Ask any relationship expert and they'll tell you that after a breakup, one of the most important things to make sure you have plenty of is space. But what do you do when your ex is still around and it's beyond your control? It's not uncommon. Recent studies have shown that more than 10 million couples work together. A survey by American Greetings found that more couples meet through friends than via any other avenue. Work and social obligations may force you to maintain contact with your ex - even when it's the last thing on Earth you want to do - but there are classy ways to handle the inevitable run-ins, from both sides of the table. Here are 6 tips for handling yourself with style, maturity, and grace - whether you're the heartbreaker or the heartbroken:
As The Instigator:
1. Give your ex space - If you are determined to go through with this breakup, the last thing you want to do is give your ex hope that there is a chance for a reconciliation. Give your former flame as much space as possible and avoid contact unless work or social obligations demand it. It may be difficult, but in the long run, this space will help your ex start to get over the relationship.
2. Expect things to get nasty, but don't react - It's the lucky couple who can navigate a breakup and remain friends. More often than not, there is name-calling, nasty emails and other assorted break-up byproducts to contend with. If your ex is hurt and decides to get nasty in public, keep your composure and avoid retaliating in kind. Getting in a few parting shots will only hurt your relationships with mutual friends or your credibility in the work place.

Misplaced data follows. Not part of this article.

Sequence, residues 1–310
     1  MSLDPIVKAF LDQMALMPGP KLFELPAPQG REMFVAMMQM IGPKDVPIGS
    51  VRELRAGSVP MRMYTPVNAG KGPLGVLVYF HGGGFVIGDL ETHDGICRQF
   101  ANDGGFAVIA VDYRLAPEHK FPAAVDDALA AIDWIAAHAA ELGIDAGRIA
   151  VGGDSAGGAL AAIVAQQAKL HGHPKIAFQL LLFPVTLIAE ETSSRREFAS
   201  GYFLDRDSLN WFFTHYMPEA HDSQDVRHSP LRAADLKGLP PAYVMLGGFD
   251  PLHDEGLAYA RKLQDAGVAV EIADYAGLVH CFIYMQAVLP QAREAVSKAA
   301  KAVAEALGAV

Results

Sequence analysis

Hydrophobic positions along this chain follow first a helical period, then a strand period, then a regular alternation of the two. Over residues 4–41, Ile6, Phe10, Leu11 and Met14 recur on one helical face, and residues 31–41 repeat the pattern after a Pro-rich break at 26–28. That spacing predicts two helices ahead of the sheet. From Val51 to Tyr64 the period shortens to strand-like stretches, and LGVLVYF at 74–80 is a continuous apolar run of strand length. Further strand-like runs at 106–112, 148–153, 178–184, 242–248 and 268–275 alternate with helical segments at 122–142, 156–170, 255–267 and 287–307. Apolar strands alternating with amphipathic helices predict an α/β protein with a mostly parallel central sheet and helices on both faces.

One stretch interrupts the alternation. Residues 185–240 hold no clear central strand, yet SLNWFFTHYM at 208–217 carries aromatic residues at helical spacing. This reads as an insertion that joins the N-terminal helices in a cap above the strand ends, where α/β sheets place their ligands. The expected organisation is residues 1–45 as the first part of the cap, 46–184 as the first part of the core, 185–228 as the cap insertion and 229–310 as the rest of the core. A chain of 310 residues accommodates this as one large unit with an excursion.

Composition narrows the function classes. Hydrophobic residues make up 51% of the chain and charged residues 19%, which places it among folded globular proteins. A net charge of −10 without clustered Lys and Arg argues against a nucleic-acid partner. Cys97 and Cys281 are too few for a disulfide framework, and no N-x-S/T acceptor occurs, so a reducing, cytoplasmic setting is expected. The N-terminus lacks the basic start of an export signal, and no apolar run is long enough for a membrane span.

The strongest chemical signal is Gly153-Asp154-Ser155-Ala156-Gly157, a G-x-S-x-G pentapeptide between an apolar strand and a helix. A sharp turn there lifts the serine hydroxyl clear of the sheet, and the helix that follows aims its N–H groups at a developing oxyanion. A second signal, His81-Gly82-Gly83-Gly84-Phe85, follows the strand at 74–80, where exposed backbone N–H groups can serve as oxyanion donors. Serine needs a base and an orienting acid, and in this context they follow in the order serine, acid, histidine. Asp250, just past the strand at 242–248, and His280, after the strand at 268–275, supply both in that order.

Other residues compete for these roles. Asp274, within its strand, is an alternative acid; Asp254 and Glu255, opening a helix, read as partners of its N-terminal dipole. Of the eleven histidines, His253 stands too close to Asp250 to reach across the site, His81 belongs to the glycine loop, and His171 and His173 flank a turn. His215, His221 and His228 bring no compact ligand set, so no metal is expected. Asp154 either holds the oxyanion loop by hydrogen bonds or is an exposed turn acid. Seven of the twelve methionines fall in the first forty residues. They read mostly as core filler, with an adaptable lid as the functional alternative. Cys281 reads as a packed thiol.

3. Be tactful down the road - It may be weeks, or it may be months, but sooner or later you will meet someone new and start dating again. Be tactful when bringing your new flame around your ex, as it will likely be painful for him or her no matter how long it's been since your break-up. Keep the public displays of affection and cute nicknames to a minimum.
As The Dumped:
4. Keep family and friends out of it - This is Rule No. 1 in these types of situations. If you force mutual friends, co-workers or family members to take sides in your split, it will make them feel uncomfortable and could even cost you the relationships you value. Crying on a shoulder or two is fine, but don't take every opportunity available to bemoan the situation. And while you may need to avoid your ex for the time being, don't force friends or co-workers to do the same.
5. Don't force the issue with your ex - One of the toughest things about being on the business end of a break up is figuring out what went wrong. But social events and the workplace are not appropriate places to confront your former partner about your relationship. If your ex is no longer willing to discuss the issue privately, take it as a sign that you also need to start the process of moving on.
6. Take the high road - You may not like your ex right now, but that is no reason to let the situation affect the rest of your life. Be cordial to your ex when out with friends, and strive to maintain a good working relationship if he or she is a co-worker. Staying positive is an important step on the road to breakup recovery.
adopted from bounce back